Dear Morehouse Community:
Next week, Vibe magazine, a hip-hop music and culture monthly, will publish in their October/November issue an article on Morehouse. I strongly disagree with the likely substance of this article and wanted to write to you directly to share my views.
The article, entitled, The Mean Girls at Morehouse purports to examine the lives of some of our gay brothers as it relates to the enforcement of our appropriate attire policy we enacted a year and a half ago. It seems clear from the headline alone that the Vibe editorial team’s intent is to sensationalize and distort reality for the purpose of driving readership. The title of the article speaks volumes about a perspective that is very narrow and one that is, in all likelihood, offensive to our students whether gay or straight.
As president of this institution, as a Morehouse graduate and as a father, I am insulted by what is to be published. Addressing our young men as girls is deeply disturbing to me, no matter what the remainder of the article may say. Morehouse has for 140 years developed men who are equipped to live and contribute to an increasingly diverse, global and complex world.
I sat down in a chair in my living room and curled up, my phone in my hand. My husband told me to turn my phone off. But I couldn’t. I felt like I needed to read every single tweet and comment. I stayed in that chair the entire weekend, barely interacting with my daughters. I just kept scrolling, scrolling, scrolling. Shaking. I ignored the messages of support, the friends and readers who were trying to reach out. I focused only on the negative tweets and retweets and DMs. Occasionally, the Vibe site would go back online and I’d get to see some of the 349 comments that had dropped in the first hour.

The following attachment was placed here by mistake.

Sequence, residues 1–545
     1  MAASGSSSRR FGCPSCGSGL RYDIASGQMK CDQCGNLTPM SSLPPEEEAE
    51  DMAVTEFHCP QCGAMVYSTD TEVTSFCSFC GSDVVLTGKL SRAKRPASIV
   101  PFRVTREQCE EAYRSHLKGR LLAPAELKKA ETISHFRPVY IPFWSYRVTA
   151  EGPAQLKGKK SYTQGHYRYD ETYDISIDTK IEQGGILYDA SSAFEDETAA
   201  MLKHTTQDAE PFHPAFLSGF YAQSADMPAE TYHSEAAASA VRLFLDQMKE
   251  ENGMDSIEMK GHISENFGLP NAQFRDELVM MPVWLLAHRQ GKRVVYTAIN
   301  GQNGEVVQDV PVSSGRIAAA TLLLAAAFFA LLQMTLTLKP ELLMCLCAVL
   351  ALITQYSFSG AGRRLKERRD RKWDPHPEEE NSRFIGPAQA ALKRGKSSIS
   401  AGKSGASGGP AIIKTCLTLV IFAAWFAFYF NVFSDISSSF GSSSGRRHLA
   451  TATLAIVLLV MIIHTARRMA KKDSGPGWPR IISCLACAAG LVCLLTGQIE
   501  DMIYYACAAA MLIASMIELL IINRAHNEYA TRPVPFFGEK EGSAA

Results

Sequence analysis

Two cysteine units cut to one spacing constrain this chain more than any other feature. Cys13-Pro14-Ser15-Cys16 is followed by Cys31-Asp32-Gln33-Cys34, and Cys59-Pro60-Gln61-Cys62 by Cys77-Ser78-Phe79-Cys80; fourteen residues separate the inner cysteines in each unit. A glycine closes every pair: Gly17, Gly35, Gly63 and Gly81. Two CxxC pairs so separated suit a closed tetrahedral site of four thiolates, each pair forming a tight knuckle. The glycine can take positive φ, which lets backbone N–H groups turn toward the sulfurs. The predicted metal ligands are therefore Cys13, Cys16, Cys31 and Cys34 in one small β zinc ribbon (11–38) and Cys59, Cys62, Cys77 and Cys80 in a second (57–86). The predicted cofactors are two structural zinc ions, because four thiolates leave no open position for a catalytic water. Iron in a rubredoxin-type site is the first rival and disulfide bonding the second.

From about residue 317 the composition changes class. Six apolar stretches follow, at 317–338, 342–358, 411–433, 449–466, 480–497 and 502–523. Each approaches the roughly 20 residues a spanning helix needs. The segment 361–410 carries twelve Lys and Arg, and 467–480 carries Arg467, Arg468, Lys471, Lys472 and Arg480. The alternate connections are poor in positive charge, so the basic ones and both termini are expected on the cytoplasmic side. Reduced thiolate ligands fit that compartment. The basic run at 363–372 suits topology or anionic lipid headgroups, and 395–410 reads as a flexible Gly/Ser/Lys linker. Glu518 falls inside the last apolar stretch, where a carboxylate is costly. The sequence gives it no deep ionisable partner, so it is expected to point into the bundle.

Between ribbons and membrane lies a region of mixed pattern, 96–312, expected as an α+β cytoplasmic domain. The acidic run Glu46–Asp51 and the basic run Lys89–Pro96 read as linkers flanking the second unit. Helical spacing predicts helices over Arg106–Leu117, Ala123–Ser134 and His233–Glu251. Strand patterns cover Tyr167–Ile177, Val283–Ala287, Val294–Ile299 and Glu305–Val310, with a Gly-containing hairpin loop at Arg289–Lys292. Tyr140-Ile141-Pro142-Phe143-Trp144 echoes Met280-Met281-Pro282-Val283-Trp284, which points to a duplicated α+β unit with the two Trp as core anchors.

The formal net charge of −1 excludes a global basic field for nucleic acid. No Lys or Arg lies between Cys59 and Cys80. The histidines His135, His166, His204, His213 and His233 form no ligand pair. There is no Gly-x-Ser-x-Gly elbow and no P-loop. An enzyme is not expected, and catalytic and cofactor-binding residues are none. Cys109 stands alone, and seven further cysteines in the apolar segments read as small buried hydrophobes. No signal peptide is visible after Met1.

I knew the story would be controversial. But that level of vitriol? People were literally asking around on Twitter for my address. After years in print journalism, removed from real-time feedback, I could hear from my critics in the moment — and they were loud.
The main criticism was simple: Why? Why write a story about a handful of young kids protesting the culture of a private school they chose to attend?
I thought back to a month before. I hosted a baby shower at my home, and one of the guests was a Spelman alum. She asked what I was working on, and I told her about my latest piece. Her face fell. I was confused. This was about Morehouse, not Spelman.
She shook her head and put her hand up to her mouth.
“Aliya, you can’t talk about any HBCU. It’s just not done. Especially by an outsider.”
“I’m a journalist,” I said. “I don’t have a right to report a story?”
“Let me see it,” she said.
I gave her the rough draft, and she slipped into a corner of my living room. I watched as her eyes darted back and forth, and she mumbled as she read.